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I just wanted to ask, why does the following function:

$$f(x)=x^{1/3}(x+3)^{2/3}$$

Have 3 crtical points $0,-1,-3$, because its first derivative is:

$$f'(x)=\frac{x+1}{x^{2/3}(x+3)^{1/3}}$$

$$f'(x)=\frac{x+1}{x^{2/3}(x+3)^{1/3}}=0$$

Then $x=-1$ is the critical point as its undefined on $-3$, and $0$, so why is $-3$, and $0$ also considered a critical point$?$

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  • $\begingroup$ @caverac Why need $x \ge 0$? Those are cuberoots in the formula. $\endgroup$
    – coffeemath
    Commented Nov 25, 2018 at 15:01

2 Answers 2

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A critical point $c$ is where $f(c)$ defined, and $f'(c)$ either zero or undefined.

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Hint critical points any limit points where the function may be prolongated by continuity or where the derivative is not defined. or a critical point or stationary point of a differentiable function of a real or complex variable is any value in its domain where its derivative is 0.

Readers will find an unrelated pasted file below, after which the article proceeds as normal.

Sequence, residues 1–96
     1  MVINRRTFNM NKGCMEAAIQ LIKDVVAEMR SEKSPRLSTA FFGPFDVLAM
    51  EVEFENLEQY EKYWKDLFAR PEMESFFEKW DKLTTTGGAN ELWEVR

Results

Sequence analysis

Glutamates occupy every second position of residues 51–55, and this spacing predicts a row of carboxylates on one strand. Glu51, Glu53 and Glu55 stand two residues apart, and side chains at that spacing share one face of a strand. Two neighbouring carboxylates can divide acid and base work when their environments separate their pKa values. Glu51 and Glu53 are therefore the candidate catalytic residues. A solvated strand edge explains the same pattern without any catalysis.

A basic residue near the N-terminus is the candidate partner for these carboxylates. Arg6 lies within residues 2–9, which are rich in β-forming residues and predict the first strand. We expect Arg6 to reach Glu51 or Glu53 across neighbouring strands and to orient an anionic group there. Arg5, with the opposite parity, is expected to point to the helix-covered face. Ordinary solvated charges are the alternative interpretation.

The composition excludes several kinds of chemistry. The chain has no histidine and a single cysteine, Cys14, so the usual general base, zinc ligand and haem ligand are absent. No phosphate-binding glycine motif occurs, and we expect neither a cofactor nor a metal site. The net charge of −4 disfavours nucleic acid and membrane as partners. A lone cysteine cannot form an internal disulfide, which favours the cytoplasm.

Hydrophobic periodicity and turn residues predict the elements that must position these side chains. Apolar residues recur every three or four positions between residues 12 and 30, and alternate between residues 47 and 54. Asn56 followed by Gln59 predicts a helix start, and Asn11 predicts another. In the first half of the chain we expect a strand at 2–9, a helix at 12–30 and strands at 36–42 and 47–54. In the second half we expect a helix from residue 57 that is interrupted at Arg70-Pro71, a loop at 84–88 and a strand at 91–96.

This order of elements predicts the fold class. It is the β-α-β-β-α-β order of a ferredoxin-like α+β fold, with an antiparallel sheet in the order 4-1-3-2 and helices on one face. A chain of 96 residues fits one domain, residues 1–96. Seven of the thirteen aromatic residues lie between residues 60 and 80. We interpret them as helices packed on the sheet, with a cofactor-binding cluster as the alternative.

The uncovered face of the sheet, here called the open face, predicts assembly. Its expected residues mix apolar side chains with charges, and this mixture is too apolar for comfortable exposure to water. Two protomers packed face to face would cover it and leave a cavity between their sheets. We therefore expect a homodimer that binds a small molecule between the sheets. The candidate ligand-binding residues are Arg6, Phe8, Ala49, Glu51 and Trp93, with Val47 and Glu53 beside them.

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    $\begingroup$ Note that the function needs to be defined at the critical point. No "prolongation by continuity" is used in the definition. $\endgroup$
    – coffeemath
    Commented Nov 25, 2018 at 14:58
  • $\begingroup$ some authors mentioned this point $\endgroup$
    – Unknown
    Commented Nov 25, 2018 at 15:00
  • $\begingroup$ John-- I'd say if one prolongs a domain by conytinuity one is working with a different function. $\endgroup$
    – coffeemath
    Commented Nov 25, 2018 at 15:03

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